Edison Research released a ton of research studies in 2020, a year in which clear-eyed insights and roadmaps were more needed than ever. In a “10 for ‘20” webinar Thursday, Senior VP Tom Webster and Director of Research Laura Ivey presented what the firm considers to be the most impactful findings from their work this year. Following is a brief summary of the top audio-centric takeaways.
U.S. audio consumption changed as a result of COVID-19
Listening location changed dramatically in second quarter with 70% of total listening taking place at home, up from 49% pre-quarantine, Edison’s Share of Ear study showed. By the third quarter, at-home listening down-shifted to 59%. In addition, Americans' audio day started later as quarantine restrictions began, from 7:15am pre-pandemic to 8:30 in Q2 before moderating somewhat to 8:15 in Q3. “The location of listening was totally changed by people staying at home,” President Larry Rosin said in the webinar presentation. The firm will continue to track these trends, Rosin said, “to see if once we get past the pandemic, things go back to the way they were before or whether the pandemic has permanently changed the way people consume audio.”
100 Million Americans listen to Podcasts Monthly
While podcast listening has yet to peak, 2020 was the year it hit100 million monthly listeners, a more than 40% increase in a two-year period, per the Infinite Dial 2020. Edison Senior VP Mellissa Kiesche compared the explosive growth of monthly podcast listening, from 21% of the U.S. population in 2016 to 37% in 2020, to monthly Twitter usage, which has stayed at 17% in the same timeframe. “That means today, well over twice as many people listen to a podcast every month than use Twitter monthly,” Kiesche said. “Yet Twitter bills $1 billion quarterly, globally, while podcasting had yet to hit $1 billion annually.”
25% of U.S. Latinos Listen to Podcasts Monthly
And many are new to the medium, according to the Latino Podcast Listener Report. “The Latino community, along with all of its diversity, has and will continue to be essential to the growth of podcasting,” said Director of Research Gabriel Soto. Listenership among Latinos is poised to grow as their awareness of the medium increases, and this growth may have already started. Over half of Latino podcast listeners started listening just within the last year. “The industry will have a better chance at maintaining this momentum, if they take time to understand this group,” Soto said. “Latinos are often perceived as monolithic when, in reality, the opposite is true. We come from different regions, like South America and the Caribbean. We are first, second and third generation Americans who might live in places like New York City or a small town in Texas.”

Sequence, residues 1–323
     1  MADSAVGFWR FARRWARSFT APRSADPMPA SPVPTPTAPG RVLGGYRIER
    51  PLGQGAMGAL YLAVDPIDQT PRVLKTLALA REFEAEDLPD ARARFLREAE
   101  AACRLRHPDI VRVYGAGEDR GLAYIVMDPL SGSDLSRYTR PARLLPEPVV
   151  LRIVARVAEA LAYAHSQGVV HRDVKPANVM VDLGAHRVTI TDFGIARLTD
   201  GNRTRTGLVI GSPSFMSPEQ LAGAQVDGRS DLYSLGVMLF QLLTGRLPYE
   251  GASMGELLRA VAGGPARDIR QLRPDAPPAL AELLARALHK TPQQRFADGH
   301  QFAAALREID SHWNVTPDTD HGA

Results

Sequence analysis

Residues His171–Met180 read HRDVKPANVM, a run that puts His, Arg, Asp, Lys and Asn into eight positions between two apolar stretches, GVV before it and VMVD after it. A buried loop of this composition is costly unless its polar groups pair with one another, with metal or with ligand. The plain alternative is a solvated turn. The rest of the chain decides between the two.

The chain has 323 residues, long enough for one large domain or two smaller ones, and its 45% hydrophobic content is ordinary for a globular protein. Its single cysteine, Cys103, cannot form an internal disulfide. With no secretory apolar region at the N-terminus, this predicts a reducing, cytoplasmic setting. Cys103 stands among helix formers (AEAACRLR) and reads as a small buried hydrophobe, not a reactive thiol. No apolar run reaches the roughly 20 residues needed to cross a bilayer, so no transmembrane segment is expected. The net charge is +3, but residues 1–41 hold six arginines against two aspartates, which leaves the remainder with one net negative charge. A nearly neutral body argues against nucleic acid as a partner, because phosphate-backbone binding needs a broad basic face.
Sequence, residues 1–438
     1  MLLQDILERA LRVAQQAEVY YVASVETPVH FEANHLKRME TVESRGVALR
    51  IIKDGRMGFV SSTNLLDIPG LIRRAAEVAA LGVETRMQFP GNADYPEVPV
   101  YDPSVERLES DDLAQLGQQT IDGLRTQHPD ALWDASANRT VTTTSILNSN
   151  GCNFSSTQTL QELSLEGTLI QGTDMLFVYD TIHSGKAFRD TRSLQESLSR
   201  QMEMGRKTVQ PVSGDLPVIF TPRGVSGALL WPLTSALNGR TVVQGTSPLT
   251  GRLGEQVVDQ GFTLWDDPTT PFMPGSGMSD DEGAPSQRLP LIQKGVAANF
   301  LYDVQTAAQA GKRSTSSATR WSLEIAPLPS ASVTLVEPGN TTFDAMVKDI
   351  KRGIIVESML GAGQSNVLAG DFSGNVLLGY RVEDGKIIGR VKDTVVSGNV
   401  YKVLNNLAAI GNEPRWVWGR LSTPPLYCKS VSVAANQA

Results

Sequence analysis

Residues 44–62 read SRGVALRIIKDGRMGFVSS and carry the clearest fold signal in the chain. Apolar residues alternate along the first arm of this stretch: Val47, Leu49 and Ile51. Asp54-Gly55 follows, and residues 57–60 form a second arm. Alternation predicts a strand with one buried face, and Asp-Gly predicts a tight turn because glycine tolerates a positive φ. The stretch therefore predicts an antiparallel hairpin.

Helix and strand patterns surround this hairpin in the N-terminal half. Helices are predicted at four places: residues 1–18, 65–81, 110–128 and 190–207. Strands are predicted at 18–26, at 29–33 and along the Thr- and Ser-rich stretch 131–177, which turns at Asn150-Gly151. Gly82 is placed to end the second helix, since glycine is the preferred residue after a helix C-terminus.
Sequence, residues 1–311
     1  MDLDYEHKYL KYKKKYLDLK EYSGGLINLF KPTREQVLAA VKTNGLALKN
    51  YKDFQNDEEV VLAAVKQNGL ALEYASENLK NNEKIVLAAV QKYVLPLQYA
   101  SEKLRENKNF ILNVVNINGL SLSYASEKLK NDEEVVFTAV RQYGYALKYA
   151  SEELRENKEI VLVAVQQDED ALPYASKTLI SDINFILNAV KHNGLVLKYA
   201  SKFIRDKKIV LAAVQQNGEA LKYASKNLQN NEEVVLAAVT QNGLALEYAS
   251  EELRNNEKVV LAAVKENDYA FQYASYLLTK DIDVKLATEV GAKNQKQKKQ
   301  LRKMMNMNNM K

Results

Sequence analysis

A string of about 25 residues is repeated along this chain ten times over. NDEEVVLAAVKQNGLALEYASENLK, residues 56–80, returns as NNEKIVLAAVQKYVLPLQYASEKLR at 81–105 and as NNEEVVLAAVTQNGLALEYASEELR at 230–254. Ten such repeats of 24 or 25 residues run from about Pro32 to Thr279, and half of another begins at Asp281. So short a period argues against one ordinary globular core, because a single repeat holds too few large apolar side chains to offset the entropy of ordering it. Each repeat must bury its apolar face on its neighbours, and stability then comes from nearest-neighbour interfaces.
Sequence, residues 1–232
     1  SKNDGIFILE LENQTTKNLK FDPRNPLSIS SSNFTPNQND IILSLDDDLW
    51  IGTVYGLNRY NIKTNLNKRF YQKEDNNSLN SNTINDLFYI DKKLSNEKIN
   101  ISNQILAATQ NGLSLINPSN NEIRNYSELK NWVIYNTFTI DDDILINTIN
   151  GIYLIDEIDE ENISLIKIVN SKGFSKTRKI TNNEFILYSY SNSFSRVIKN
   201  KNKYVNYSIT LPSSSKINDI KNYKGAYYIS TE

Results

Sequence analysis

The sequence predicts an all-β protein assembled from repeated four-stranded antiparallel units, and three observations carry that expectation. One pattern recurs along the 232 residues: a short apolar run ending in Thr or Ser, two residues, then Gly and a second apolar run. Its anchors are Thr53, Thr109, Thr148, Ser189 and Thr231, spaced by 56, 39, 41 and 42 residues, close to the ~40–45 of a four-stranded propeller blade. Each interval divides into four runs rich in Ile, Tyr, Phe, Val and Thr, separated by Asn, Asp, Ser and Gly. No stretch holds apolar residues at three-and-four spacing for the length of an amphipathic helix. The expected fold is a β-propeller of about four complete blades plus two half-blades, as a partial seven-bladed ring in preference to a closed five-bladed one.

Spoken Word’s share of audio listening increased 30% over the past six years
Women, African-Americans, Latinos and 13-34-year-olds propelled the surge, per the Spoken Word Audio Report. And 2020 was a good year for spoken word audio, including sports talk and play-by-play, talk and personality audio programming, and audiobooks. “In addition to the convenience and multitasking benefits of spoken word audio, listeners tuned in for personal growth, better content, and the positive effect on mental health,” said VP Megan Lazovick.
55% of Gen Z listeners are reached by AM/FM radio every day
That just surpasses Edison’s estimate for audio streaming, according to Radio's Roadmap to Gen Z Listenership. “In an environment where radio people are constantly hearing that no young people listen to the radio anymore, this is powerful proof that it is not the case,” Director of Research Megan Vartan said. Of the time spent listening to all audio among 13-24 year-olds, 22% of it goes to AM/FM radio, streaming audio gets 26% and 18% goes to YouTube.
60 million Americans now own a smart speaker, and usage increased during quarantine
That’s 24% of the U.S. population, according to the Smart Audio Report.Over one-third of U.S. adult smart speaker owners say they are using their device more to listen to music and entertainment since the outbreak. And 18-34-year-olds are even more likely to turn to the device for a diversion. “A little over half , or 52%, of young Americans said they are using smart speakers for music and entertainment since the pandemic started,” Edison’s Kelly Martin said.